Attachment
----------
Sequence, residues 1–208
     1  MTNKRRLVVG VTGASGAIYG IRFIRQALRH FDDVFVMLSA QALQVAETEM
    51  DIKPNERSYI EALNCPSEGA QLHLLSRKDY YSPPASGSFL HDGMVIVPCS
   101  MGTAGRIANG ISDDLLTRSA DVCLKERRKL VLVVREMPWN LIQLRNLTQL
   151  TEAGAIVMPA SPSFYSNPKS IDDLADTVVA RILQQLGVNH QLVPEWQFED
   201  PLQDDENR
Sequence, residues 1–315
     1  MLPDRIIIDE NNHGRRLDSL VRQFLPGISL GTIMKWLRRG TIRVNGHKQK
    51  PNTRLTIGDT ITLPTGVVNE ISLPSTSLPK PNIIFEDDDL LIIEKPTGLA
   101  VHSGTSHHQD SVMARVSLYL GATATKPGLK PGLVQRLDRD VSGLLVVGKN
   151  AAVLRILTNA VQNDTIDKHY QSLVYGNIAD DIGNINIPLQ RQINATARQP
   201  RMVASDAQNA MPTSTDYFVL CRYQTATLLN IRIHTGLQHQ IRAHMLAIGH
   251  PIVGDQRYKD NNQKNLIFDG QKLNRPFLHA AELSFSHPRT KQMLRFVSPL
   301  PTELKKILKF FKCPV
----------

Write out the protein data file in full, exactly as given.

Sequence, residues 1–208
     1  MTNKRRLVVG VTGASGAIYG IRFIRQALRH FDDVFVMLSA QALQVAETEM
    51  DIKPNERSYI EALNCPSEGA QLHLLSRKDY YSPPASGSFL HDGMVIVPCS
   101  MGTAGRIANG ISDDLLTRSA DVCLKERRKL VLVVREMPWN LIQLRNLTQL
   151  TEAGAIVMPA SPSFYSNPKS IDDLADTVVA RILQQLGVNH QLVPEWQFED
   201  PLQDDENR
Sequence, residues 1–315
     1  MLPDRIIIDE NNHGRRLDSL VRQFLPGISL GTIMKWLRRG TIRVNGHKQK
    51  PNTRLTIGDT ITLPTGVVNE ISLPSTSLPK PNIIFEDDDL LIIEKPTGLA
   101  VHSGTSHHQD SVMARVSLYL GATATKPGLK PGLVQRLDRD VSGLLVVGKN
   151  AAVLRILTNA VQNDTIDKHY QSLVYGNIAD DIGNINIPLQ RQINATARQP
   201  RMVASDAQNA MPTSTDYFVL CRYQTATLLN IRIHTGLQHQ IRAHMLAIGH
   251  PIVGDQRYKD NNQKNLIFDG QKLNRPFLHA AELSFSHPRT KQMLRFVSPL
   301  PTELKKILKF FKCPV